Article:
But it’s worth wondering just who is included in those staffing numbers. It’s not clear, for example, whether they include the 20-odd people working in the Manila office in the Philippines, the ones Allen Stern of Centernetworks mentions in his post (complete with a photo, which now appears to have been removed from Flickr). Some sources say that the number of full-time paid employees has been cut by 50 per cent, leaving a small number along with unpaid volunteers and freelancers on contract.
Regardless of the number, is it enough to get Mahalo the kind of scale that will make it a viable search site? I think Ash has a point when he says that the company’s current strategy pretty much consists of trying to whip together links and a blurb about whatever is hot on Google Trends, and then hope that Google indexes it quickly and it shows up high in search results. Is that a viable strategy? I confess that I don’t really know.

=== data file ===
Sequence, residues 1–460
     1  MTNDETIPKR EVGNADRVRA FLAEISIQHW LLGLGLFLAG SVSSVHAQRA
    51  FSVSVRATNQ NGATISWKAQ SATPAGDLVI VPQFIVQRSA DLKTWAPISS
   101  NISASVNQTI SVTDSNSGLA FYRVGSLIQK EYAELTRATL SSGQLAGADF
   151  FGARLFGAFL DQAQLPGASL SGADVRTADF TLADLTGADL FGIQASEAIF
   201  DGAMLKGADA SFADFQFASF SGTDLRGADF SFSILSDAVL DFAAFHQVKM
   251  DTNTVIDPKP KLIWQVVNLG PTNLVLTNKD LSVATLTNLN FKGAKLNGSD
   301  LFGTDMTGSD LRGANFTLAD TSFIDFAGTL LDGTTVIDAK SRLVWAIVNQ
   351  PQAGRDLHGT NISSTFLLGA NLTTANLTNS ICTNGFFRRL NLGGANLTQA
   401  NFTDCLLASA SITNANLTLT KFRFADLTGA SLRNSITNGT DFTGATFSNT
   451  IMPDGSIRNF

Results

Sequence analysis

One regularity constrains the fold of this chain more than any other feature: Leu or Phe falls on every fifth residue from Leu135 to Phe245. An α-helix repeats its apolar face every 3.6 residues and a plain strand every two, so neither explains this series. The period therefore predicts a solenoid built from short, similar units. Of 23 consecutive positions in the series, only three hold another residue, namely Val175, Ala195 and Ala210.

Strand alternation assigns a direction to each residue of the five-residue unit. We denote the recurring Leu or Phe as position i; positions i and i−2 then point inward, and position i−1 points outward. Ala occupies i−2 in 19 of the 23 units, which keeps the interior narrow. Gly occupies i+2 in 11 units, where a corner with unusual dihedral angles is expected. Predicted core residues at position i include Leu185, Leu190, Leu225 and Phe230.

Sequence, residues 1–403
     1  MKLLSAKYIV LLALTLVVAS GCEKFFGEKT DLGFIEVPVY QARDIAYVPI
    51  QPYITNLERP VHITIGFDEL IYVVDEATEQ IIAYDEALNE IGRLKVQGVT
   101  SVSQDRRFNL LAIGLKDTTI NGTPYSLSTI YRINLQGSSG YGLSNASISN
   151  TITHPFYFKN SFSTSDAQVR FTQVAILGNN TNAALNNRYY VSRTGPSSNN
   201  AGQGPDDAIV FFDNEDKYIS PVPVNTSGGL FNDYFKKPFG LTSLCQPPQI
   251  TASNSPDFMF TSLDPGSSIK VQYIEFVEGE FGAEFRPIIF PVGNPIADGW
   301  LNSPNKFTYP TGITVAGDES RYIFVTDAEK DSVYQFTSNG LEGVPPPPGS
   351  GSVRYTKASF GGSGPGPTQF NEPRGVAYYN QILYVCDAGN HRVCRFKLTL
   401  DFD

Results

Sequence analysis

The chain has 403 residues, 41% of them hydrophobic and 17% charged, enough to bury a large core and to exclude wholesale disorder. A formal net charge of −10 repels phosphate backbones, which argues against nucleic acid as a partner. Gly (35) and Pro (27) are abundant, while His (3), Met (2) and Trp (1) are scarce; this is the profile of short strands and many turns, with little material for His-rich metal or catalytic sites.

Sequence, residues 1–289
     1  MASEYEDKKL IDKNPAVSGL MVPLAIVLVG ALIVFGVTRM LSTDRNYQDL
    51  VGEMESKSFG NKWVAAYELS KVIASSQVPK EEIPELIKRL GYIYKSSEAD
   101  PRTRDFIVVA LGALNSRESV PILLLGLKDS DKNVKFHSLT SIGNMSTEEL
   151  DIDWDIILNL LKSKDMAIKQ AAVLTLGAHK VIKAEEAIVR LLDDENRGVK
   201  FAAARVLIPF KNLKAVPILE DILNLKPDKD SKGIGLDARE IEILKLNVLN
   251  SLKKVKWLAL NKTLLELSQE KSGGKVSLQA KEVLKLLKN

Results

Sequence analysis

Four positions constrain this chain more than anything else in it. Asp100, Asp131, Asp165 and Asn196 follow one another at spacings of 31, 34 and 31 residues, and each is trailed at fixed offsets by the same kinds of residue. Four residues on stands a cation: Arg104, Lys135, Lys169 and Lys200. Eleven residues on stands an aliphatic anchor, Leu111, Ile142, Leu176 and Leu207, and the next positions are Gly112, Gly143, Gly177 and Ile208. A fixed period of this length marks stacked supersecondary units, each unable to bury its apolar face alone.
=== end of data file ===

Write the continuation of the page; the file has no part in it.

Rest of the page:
Erick Schonfeld at TechCrunch has posted the text of Jason’s email newsletter, despite the fact that the email specifically says “Do Not Reprint.” As Erick notes in a comment on his post: “He is the CEO of a startup that just went through a layoff today, and he emailed his thoughts on the matter to almost 9,000 people. This is not a private email.” Jason then steps in to ask that it be taken down, and threatens to send a DMCA takedown notice to TechCrunch’s ISP (something he has reportedly done to others in the past for similar reasons). Mike Arrington’s response is here.
As many people know, infamous Chicago crime boss Al Capone was ultimately brought to justice not because of all the bootlegging, murder and fraud he engaged in but because of a tax-evasion charge. Now the U.S. government is trying a similar tactic in its fight against a criminal biker gang called The Mongols: federal prosecutors say they want the courts to award them the rights to the gang’s name, and any imagery associated with it.